It’s Really not About Actual VA Healthcare

Here are some selected “Chickens Coming Home to Roost” statements on a different issue quite heavily in the news. These quotes are from high profile liberals lauding the VA healthcare system:

Paul Krugman in 2011 wrote of the VA’s “huge success story”:
“Multiple surveys have found the VHA providing better care than most Americans receive, even as the agency has held cost increases well below those facing Medicare and private insurers…the VHA is an integrated system, which provides health care as well as paying for it. So it’s free from the perverse incentives created when doctors and hospitals profit from expensive tests and procedures, whether or not those procedures actually make medical sense.

Krugman added, “Yes, this is ‘socialized medicine’…But it works, and suggests what it will take to solve the troubles of US health care more broadly.”

Similarly, Nicholas Kristof of the Times wrote in 2009: “Take the hospital system run by the Department of Veterans Affairs, the largest integrated health system in the United States. It is fully government run, much more “socialized medicine” than is Canadian health care with its private doctors and hospitals. And the system for veterans is by all accounts one of the best-performing and most cost-effectiveelements in the American medical establishment.

Last year, Uwe Reinhardt of Princeton wrote in the NY Times: “Remarkably, Americans of all political stripes have long reserved for our veterans the purest form of socialized medicine, the vast health system operated by the U.S. Department of Veterans Affairs (generally known as the V.A. health system). If socialized medicine is as bad as so many on this side of the Atlantic claim, why have both political parties ruling this land deemed socialized medicine the best health system for military veterans? Or do they just not care about them?

Or try the RAND Corporation: “If other health care providers followed the V.A.’s lead, it would be a major step toward improving the quality of care across the U.S. health care system.”

Then there’s Ezra Klein, who wrote in the Washington Post in 2009 that “expanding the Veterans Health Administration to non-veterans” was “one of my favorite ideas.”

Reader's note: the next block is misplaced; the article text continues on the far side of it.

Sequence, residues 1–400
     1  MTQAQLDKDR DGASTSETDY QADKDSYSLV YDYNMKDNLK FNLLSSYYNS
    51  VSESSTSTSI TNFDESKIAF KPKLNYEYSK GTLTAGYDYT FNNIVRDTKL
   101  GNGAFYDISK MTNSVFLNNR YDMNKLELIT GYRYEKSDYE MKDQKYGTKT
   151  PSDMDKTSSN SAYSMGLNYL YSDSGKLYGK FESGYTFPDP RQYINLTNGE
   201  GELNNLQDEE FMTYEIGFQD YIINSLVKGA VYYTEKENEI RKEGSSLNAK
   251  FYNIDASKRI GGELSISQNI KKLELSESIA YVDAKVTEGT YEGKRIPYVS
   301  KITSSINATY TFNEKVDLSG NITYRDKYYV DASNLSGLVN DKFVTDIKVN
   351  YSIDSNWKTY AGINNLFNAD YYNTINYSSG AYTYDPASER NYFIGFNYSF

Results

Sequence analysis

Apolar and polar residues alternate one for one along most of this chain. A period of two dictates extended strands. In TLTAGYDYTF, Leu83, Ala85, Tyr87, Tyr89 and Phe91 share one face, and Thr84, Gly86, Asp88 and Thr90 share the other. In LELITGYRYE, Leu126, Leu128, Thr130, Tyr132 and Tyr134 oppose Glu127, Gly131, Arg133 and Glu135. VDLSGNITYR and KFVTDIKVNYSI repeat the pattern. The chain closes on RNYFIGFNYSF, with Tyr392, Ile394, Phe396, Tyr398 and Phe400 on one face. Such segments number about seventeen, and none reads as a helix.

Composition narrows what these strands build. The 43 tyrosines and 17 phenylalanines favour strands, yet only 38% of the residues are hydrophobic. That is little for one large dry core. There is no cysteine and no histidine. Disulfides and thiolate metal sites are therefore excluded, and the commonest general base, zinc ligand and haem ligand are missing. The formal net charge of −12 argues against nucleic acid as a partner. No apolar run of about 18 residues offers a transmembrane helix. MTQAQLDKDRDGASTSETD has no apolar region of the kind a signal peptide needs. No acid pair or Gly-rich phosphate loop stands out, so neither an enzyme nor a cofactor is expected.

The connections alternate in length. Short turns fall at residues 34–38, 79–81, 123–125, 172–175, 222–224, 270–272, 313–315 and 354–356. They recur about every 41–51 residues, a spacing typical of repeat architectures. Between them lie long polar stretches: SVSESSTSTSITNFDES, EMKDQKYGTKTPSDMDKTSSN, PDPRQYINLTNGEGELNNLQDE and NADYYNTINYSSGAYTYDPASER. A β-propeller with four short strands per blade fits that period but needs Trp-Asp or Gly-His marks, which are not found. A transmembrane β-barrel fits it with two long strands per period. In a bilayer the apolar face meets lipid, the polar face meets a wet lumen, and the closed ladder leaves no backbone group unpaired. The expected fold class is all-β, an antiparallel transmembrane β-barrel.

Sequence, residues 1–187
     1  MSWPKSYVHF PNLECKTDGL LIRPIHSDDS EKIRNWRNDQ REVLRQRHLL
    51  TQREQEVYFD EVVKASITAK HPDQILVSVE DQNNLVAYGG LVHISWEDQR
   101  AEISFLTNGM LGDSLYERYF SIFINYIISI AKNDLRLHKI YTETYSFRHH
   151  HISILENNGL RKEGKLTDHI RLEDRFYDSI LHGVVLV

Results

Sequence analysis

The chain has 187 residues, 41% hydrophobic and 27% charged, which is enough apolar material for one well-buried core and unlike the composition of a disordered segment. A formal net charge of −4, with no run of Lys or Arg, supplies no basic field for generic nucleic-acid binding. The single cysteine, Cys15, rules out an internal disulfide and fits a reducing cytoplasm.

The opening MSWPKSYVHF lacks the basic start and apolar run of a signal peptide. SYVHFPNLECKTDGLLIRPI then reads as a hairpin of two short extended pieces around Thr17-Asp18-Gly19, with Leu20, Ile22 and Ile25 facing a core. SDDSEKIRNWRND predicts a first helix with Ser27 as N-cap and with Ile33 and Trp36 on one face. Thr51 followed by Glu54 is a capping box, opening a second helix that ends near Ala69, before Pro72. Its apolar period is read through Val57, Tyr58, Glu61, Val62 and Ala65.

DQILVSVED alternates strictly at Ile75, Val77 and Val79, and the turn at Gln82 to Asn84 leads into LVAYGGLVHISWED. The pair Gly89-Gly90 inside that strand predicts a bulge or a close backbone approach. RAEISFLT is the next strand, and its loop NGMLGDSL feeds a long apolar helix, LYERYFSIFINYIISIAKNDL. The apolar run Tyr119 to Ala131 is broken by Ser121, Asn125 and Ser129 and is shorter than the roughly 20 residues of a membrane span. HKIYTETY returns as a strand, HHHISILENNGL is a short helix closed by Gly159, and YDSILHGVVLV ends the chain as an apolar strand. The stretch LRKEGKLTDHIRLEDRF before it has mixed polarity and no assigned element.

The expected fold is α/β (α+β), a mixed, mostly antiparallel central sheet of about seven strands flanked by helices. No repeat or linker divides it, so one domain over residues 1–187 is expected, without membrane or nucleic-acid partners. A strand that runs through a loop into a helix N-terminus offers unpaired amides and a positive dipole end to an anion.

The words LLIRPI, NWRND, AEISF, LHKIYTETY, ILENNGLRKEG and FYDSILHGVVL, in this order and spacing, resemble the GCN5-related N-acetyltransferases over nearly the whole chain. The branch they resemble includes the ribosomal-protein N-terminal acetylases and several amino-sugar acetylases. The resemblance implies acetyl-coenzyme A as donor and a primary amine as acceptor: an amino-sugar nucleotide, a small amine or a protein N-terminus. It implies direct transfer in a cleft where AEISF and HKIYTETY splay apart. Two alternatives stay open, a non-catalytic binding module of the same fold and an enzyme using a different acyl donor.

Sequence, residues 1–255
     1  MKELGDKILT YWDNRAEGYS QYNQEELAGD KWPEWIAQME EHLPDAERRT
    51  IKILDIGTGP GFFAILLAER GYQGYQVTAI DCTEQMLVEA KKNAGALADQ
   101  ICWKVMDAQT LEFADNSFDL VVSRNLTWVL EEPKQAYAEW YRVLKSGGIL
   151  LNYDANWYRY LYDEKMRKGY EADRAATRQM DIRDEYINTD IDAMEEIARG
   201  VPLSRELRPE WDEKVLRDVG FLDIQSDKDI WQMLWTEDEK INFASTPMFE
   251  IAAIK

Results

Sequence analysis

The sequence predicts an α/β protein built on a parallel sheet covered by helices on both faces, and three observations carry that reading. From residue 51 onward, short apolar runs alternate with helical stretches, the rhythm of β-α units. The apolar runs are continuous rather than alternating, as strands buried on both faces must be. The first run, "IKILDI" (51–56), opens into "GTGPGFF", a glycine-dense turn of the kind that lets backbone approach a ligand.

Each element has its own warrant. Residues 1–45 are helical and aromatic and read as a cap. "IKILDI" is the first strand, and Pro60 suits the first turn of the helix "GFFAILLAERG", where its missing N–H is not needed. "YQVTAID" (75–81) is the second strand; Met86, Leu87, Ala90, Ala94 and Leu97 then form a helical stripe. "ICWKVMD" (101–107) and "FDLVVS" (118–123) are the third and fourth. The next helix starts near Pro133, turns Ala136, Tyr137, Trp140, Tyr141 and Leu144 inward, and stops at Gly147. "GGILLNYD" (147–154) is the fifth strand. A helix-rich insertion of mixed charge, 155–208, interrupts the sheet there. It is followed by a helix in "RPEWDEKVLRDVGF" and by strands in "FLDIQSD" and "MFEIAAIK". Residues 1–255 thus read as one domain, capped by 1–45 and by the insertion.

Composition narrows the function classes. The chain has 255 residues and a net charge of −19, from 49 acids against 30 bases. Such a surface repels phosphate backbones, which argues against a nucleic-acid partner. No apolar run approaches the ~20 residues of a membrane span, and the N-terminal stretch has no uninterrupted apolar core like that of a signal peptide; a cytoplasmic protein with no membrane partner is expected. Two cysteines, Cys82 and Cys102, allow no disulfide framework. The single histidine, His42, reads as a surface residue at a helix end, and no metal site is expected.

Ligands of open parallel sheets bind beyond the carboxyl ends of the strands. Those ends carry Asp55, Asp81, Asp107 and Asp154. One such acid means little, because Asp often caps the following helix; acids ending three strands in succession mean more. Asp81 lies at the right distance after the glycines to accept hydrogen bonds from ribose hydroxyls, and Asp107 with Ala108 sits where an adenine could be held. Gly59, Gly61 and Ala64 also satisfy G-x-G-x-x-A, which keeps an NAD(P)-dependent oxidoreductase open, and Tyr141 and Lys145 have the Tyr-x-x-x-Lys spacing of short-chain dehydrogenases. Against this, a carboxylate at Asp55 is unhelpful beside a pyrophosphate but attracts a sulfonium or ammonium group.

Jonathan Golob of The Seattle Stranger has written in the same vein: “Every time I read about a Teabagger ranting about how socialized medicine will destroy this country I think of the VA system. There it is, a huge and vastly important universal healthcare system—government run, single payer and therefore socialist—right here in the brave and privatized United States: The Veterans Affairs hospitals.”

Just days ago President Obama said this,
Some of the problems with respect to how veterans are able to access benefits they have earned is not a new issue but an issue I was working on when I was running for the U.S. Senate.”

Let’s be perfectly clear. The reason over 26 VA facilities are being investigated is not over the quality of the healthcare being delivered but over the administration of delivering it. In general veterans are satisfied with the treatment they are receiving but not with the bureaucracy involved within the system. Add to that the ‘cooking of books’ and political interference to make bureaucrats look good while not delivering, and you have the antithesis of what those quoting the virtues of government run healthcare above are extolling. Also in direct contridiction to those applauding the government run VA system, the President points out this has been a problem before, and at the same time, these statements were being made.

If allowed to stand as is, this is the future of Obamacare multiplied many times. We’re comparing a relatively small system of 8 million in the VA to hundreds of millions under Obamacare.

Comments

  1. I’m pragmatic; there’s always a middle ground to be found; perhaps the VA system needs house cleaning.

    I would say the Federal Government worked most efficiently and best, by far, after Al Gore instituted “reinvention of Government” during the Clinton Era. These gains were reversed when GW Bush took office. This wasn’t partisan, but, when a new administration takes over, new administrators are appointed, and they can only hope to look effective by making changes; so perhaps that buttresses your points, over time, about bureaucracy.

    However, you’ve searched a long way back for your editorial positions, and perhaps the need for VA services in those days was less urgent. One could argue the invasion of Iraq was completely unnecessary and has later stressed the VA system in recent times.

  2. In the private sector, one deals with cramped budgets and demand spikes frequently.

    No matter how you slice it, falsifying records is unethical and a fireable offense.

    The fact the left tries to rationalize it is disgusting.